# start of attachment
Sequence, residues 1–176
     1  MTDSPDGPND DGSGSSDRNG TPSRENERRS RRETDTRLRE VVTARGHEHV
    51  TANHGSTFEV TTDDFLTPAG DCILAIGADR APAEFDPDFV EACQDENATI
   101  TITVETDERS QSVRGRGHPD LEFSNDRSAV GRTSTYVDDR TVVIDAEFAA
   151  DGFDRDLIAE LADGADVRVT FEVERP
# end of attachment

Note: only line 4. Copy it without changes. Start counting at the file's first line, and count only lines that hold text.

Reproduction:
   101  TITVETDERS QSVRGRGHPD LEFSNDRSAV GRTSTYVDDR TVVIDAEFAA